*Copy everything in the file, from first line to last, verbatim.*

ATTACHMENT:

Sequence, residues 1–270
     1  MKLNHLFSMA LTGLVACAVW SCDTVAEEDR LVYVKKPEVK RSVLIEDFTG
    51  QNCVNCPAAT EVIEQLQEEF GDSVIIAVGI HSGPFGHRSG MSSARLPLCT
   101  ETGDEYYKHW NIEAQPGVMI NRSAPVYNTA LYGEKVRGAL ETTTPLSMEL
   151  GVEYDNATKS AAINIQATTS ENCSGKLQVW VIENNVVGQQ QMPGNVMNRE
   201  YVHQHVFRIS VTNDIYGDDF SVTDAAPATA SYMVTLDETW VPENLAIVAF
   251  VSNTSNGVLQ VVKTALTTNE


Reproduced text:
Sequence, residues 1–270
     1  MKLNHLFSMA LTGLVACAVW SCDTVAEEDR LVYVKKPEVK RSVLIEDFTG
    51  QNCVNCPAAT EVIEQLQEEF GDSVIIAVGI HSGPFGHRSG MSSARLPLCT
   101  ETGDEYYKHW NIEAQPGVMI NRSAPVYNTA LYGEKVRGAL ETTTPLSMEL
   151  GVEYDNATKS AAINIQATTS ENCSGKLQVW VIENNVVGQQ QMPGNVMNRE
   201  YVHQHVFRIS VTNDIYGDDF SVTDAAPATA SYMVTLDETW VPENLAIVAF
   251  VSNTSNGVLQ VVKTALTTNE